It’s the simplest, stress free and laid back days that are the most enjoyable. On the bus up to Oz en Osians, I met a good guy called Thomas. Naturally, my first response was that is the name of my father., but it’s spooky if you consider we’re both cheering on Geraint Thomas as well! Anyway, check out the two doozy pics he took and sent to me.
I’ve been on the road for about 5 months now, but Thomas has been travelling on and off for over 2 years, wow! Back in 2015 he sold his business, took off and has been on the go since, taking in a few similar locations across Europe, but took time to complete Culinary School in London and he had sailed over via Spain, with a Glaswegian, completing his Yacht master certification. I am just the Luke to his Yoda.
I think the coolest thing, similar to where I’d been, he has been chasing the world cup. Travelling to Belgium for when they played, being in France for the Final and if England had won, he intimated he probably would have come back to the UK. I like his style, he’s a canny guy, happy to let me yap away and he has done the old WordPress Blog thing when he first travelled and is all over social media with the handle ‘aromaround’, spot the chef!
I had a nice wee lye in and got the free bus down to the town of Allemont. As we crossed over the bridge on the hill up from the town, half the road was closed and the medics were over a 40+, stout cyclist chap on the ground getting CPR, proper chest pressure and a terrible thing to see. I checked the local online news on Friday and unfortunately he passed away.
As the bus pulls up in Allemont, Thomas is waiting hoping it’s going on. Unfortunately, he had headed down early to get ahead of the show to Grenoble, however all roads were closed. A short hop over the Tourist office to get the bad news, 5 hours till the next bus back. We sit for a nice wee café au lait and to take stock.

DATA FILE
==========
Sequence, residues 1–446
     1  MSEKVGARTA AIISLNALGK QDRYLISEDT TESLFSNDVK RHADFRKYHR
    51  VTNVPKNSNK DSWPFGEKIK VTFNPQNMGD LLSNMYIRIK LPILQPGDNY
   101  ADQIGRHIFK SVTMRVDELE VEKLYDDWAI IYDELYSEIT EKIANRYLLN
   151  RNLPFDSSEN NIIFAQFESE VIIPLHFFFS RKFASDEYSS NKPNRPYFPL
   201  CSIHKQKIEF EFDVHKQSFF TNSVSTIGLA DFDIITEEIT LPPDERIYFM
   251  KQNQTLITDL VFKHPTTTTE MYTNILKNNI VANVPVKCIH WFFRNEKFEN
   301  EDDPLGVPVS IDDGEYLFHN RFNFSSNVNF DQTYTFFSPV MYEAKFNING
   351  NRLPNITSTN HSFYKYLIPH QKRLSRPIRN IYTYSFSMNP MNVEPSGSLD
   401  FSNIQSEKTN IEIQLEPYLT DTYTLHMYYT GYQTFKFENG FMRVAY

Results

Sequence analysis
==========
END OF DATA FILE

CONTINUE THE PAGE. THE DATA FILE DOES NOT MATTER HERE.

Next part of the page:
Within half an hour, were hot footing it, in the mid-day sun to the junction at Rochetaillee, which according to Google Maps is some 4km. I will take us about an hour, but a perfect opportunity to get to know each other and swop traveling stories. Apart from one chap, we’re the only ones walking to the race, while many locals are walking back. Some are not interested in cheering the riders, they just want all the free shit the cavalcade give out on the road.
We get there and the crowd is slowly building. It’s gonna be 45-55 mins till the riders come by and Thomas hooks up with some Welsh Dragons he met up Huez, two couples who have big green inflatable cheers, handy to stand behind to watch the race go back. They are doing it the right way, have a two week holiday in the camper van following the tour and cheering on ‘Thomas’.
Not long before the rider’s slingshot by and the show moves on through Grenoble. We find a café restaurant, have a wicked Caesars salad and a few beers and chat like old friends. Safe to say, having a buddy while watching the Tour makes everything better and handier. This could be the start of a beautiful friendship, said nobody on their blog ever, but they did think it.
Bus comes, we get back to Grenoble and head our separate ways. I get back to the gaff, grab some suds and dirty clothes, cos there’s a laundry place right round the corner. Just as well, I was in the place two minutes and the heaven’s opened up. Looks like a takeaway pizza in the gaff tonight for me before I head south to Carcassonne and the end of this adventure.